The simplicity of vulture capitalism

Posted: 23 January 2012 in Uncategorized
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James Surowiecki is probably right: “At this point, the people who run America’s private-equity funds must be ruing the day Mitt Romney decided to run for President.”

The way private-equity firms, like Romney’s Bain Capital, make their profits is pretty simple: they rely on government subsidies.

The real reason that we should be concerned about private equity’s expanding power lies in the way these firms have become increasingly adept at using financial gimmicks to line their pockets, deriving enormous wealth not from management or investing skills but, rather, from the way the U.S. tax system works. Indeed, for an industry that’s often held up as an exemplar of free-market capitalism, private equity is surprisingly dependent on government subsidies for its profits. Financial engineering has always been central to leveraged buyouts. In a typical deal, a private-equity firm buys a company, using some of its own money and some borrowed money. It then tries to improve the performance of the acquired company, with an eye toward cashing out by selling it or taking it public. The key to this strategy is debt: the model encourages firms to borrow as much as possible, since, just as with a mortgage, the less money you put down, the bigger your potential return on investment. The rewards can be extraordinary: when Romney was at Bain, it supposedly earned eighty-eight per cent a year for its investors. But piles of debt also increase the risk that companies will go bust.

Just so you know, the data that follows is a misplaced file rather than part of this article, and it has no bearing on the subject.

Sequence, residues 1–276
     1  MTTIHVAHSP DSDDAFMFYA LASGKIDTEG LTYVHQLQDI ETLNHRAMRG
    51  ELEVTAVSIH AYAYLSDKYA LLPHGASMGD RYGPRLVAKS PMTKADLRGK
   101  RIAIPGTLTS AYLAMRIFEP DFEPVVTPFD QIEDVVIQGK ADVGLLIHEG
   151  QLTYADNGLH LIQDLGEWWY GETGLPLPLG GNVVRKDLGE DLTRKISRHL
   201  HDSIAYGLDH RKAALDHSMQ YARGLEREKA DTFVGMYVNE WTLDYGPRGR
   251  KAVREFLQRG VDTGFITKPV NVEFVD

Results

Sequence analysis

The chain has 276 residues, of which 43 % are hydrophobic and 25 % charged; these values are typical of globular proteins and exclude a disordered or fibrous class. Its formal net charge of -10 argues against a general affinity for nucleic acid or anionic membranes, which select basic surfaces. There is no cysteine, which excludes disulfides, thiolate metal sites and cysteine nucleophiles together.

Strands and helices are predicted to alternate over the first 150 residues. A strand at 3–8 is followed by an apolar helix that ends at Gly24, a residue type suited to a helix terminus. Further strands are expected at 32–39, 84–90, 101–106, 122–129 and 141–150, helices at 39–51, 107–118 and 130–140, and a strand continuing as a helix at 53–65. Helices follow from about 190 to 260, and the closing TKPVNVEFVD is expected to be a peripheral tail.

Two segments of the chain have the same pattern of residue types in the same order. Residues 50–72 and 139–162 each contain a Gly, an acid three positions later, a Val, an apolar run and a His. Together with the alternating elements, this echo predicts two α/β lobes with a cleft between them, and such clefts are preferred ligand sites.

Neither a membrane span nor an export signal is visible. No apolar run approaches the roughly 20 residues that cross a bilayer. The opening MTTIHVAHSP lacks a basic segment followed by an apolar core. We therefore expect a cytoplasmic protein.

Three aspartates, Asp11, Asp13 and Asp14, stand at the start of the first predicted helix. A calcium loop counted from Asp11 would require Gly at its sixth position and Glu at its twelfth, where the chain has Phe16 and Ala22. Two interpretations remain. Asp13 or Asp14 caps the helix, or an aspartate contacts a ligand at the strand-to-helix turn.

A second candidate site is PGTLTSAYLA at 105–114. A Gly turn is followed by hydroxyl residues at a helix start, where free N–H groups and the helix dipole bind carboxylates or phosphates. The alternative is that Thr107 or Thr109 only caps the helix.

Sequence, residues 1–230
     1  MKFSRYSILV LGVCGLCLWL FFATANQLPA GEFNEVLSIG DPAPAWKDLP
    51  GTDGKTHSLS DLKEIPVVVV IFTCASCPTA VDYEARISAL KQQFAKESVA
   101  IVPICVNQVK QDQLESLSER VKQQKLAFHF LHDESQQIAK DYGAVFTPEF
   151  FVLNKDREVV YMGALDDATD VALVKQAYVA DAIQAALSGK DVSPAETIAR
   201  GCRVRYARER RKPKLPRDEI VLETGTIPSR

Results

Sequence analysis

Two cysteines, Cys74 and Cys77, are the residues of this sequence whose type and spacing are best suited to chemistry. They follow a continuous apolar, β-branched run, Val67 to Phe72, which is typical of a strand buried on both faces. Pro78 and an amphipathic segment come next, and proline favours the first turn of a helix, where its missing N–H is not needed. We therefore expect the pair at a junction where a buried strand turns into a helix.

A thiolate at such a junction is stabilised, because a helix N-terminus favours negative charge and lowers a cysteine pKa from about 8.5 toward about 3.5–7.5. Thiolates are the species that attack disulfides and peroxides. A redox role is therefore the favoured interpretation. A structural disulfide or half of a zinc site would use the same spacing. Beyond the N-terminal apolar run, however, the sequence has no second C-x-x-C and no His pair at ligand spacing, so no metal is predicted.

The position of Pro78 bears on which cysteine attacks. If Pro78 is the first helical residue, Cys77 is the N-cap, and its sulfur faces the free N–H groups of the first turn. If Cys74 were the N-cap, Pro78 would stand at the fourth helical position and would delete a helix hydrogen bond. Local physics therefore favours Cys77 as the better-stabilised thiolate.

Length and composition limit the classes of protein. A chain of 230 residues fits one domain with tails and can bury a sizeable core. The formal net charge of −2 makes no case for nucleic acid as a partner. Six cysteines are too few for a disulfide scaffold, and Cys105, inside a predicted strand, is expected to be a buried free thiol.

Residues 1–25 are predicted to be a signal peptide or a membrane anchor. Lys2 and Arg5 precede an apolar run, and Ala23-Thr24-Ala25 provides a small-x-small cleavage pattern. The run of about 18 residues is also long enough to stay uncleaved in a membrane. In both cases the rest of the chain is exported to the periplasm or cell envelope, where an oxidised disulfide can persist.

One of Romney’s economic advisers, Greg Mankiw, also employs the simplicity strategy in suggesting “a better tax system,” which as Linda Beale explains is “just another variant on the right-wing plan to have the middle (and lower) classes pay all the tax while the rich get richer.” The key is Mankiw’s suggestion that we tax consumption instead of income.

Mankiw obviously has no fresh ideas.  This is the proverbial GOP suggestion–the USA Tax, the “FAIR” tax, the 9-9-9 tax (which would ultimately have reverted to a national sales tax), etc.  Consumption taxes are not ‘better’ than income taxes.  In fact, they are much worse because they are regressive, with their impact being felt most strongly by those with the very least income.  This so-called reform would shift the tax burden off the wealthy rentiers with their unearned income and onto those who labor hard and long for their bread and butter.  Nothing reasonable about it. . .

Fairness is a much more important goal than simplicity.  How come Mankiw doesn’t even mention it?  Oh, I see.  He’s an economic adviser to vulture fund manager Mitt Romney. . .

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